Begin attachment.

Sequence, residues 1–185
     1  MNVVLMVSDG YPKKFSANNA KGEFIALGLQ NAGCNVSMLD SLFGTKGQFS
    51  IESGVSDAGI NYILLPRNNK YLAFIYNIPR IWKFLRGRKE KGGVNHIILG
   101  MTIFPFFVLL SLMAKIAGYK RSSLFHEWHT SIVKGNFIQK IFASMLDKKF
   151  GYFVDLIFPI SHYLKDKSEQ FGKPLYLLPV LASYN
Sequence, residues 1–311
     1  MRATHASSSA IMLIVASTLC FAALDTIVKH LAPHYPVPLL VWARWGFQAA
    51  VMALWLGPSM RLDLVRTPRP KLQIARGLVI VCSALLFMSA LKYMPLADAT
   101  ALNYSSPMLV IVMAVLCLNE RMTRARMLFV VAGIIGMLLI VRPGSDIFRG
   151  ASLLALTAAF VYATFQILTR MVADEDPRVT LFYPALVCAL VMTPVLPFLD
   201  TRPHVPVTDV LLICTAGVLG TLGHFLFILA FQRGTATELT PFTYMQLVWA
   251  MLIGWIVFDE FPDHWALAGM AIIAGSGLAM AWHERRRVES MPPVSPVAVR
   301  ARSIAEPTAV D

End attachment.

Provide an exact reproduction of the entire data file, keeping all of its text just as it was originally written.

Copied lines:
Sequence, residues 1–185
     1  MNVVLMVSDG YPKKFSANNA KGEFIALGLQ NAGCNVSMLD SLFGTKGQFS
    51  IESGVSDAGI NYILLPRNNK YLAFIYNIPR IWKFLRGRKE KGGVNHIILG
   101  MTIFPFFVLL SLMAKIAGYK RSSLFHEWHT SIVKGNFIQK IFASMLDKKF
   151  GYFVDLIFPI SHYLKDKSEQ FGKPLYLLPV LASYN
Sequence, residues 1–311
     1  MRATHASSSA IMLIVASTLC FAALDTIVKH LAPHYPVPLL VWARWGFQAA
    51  VMALWLGPSM RLDLVRTPRP KLQIARGLVI VCSALLFMSA LKYMPLADAT
   101  ALNYSSPMLV IVMAVLCLNE RMTRARMLFV VAGIIGMLLI VRPGSDIFRG
   151  ASLLALTAAF VYATFQILTR MVADEDPRVT LFYPALVCAL VMTPVLPFLD
   201  TRPHVPVTDV LLICTAGVLG TLGHFLFILA FQRGTATELT PFTYMQLVWA
   251  MLIGWIVFDE FPDHWALAGM AIIAGSGLAM AWHERRRVES MPPVSPVAVR
   301  ARSIAEPTAV D